Thank you once again for your questions. May God bless and keep you.


Author's Note:
For personal or lengthy comments, or questions you are more than welcome to contact me. I ask for your patience and understanding as I may not respond immediately to your email, should you choose to contact me. Your privacy is always ensured. God Bless!

Update: Please go the "contact me" page for questions and private comments. Thank you!


  1. Some say the KJV is better because of its language. It is true that the modern English language seems to be going somewhat downhill with a lot of people - not that that's a bad thing completely - it's just that there won't be so much beauty to words and appreciation for words if the English language eventually turns into text message and IM language where words aren't fully spelled out.

    I believe that proper English speech and grammar are very important and should have more importance in schools (even though I'm not the best at practicing them - I wish I were). This said, some people might prefer the KJV because they think of it as proper English and don't like the way newer versions are cutting down the text, like the NLT.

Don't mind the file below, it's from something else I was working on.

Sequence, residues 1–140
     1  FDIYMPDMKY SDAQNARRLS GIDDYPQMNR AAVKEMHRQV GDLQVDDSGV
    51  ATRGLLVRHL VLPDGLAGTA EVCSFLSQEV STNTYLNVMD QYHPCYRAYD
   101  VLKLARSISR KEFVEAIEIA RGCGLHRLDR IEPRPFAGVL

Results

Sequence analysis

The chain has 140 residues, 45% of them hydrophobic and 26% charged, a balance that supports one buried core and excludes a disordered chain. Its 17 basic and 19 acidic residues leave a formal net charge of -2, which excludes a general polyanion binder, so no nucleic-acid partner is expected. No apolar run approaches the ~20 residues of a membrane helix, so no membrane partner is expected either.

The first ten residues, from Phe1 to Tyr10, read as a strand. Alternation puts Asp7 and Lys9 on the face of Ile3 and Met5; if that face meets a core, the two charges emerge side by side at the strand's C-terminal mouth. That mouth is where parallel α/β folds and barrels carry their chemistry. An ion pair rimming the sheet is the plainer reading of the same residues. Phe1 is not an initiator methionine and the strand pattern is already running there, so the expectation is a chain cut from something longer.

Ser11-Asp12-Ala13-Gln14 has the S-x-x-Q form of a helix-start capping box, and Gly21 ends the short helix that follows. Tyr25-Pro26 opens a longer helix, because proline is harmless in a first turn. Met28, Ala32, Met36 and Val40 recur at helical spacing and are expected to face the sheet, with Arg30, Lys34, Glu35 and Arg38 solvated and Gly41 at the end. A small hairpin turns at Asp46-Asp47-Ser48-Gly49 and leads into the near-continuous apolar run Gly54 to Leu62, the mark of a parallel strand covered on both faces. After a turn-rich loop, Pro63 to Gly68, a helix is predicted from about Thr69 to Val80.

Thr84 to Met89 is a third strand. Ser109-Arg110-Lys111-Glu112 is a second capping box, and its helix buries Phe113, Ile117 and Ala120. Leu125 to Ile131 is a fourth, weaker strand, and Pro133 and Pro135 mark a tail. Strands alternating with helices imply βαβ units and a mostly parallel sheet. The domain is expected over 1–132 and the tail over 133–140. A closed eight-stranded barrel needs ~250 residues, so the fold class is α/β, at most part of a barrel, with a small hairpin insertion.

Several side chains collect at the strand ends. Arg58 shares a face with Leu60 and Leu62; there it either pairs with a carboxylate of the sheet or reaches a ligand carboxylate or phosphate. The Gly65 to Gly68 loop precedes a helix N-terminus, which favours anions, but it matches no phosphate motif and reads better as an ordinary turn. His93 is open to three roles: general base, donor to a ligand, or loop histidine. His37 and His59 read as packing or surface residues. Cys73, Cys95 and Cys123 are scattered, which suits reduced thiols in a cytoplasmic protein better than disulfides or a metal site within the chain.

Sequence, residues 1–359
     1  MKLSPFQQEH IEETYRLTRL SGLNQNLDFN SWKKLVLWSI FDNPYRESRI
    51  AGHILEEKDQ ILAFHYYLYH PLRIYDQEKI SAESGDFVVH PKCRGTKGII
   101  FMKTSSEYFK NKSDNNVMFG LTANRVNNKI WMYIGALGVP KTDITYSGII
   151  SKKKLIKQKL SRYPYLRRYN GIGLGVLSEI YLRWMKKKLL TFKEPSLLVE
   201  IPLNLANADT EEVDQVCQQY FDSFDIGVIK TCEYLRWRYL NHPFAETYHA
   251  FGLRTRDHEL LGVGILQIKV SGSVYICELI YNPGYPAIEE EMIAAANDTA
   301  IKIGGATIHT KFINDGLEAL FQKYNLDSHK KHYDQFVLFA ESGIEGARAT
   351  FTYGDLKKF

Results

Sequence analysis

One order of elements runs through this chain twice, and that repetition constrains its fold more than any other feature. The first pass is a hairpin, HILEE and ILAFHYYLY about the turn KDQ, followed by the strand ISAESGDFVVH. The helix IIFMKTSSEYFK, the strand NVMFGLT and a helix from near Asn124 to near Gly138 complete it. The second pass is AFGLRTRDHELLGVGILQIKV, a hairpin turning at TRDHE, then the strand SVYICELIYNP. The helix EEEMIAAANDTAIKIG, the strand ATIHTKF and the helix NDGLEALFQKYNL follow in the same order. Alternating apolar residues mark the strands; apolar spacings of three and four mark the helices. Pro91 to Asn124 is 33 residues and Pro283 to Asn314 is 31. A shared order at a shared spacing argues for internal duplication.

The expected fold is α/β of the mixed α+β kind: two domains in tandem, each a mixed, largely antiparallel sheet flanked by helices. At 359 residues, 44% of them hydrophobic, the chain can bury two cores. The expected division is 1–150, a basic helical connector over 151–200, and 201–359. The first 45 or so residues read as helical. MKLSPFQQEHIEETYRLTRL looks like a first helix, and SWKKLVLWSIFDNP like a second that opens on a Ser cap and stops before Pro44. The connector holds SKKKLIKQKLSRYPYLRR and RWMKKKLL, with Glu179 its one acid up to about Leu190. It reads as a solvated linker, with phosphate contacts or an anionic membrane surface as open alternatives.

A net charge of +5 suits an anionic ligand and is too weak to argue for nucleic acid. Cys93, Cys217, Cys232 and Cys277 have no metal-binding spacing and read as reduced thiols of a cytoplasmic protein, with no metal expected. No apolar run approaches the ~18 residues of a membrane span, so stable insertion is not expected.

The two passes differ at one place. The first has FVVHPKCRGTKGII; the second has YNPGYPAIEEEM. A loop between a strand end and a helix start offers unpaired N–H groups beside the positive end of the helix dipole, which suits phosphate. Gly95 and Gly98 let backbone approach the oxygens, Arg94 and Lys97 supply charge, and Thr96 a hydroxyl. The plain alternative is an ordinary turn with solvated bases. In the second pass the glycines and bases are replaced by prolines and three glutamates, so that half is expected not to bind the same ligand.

I appreciate the KJV even more for its language because it's part of history and I think the language is beautiful. Besides, I think that reading and interpreting (or gaining understanding from what you read) should always be easy. If you have a harder time reading the KJV, maybe it will motivate you that much more to look for its meaning and search for God's purpose in it.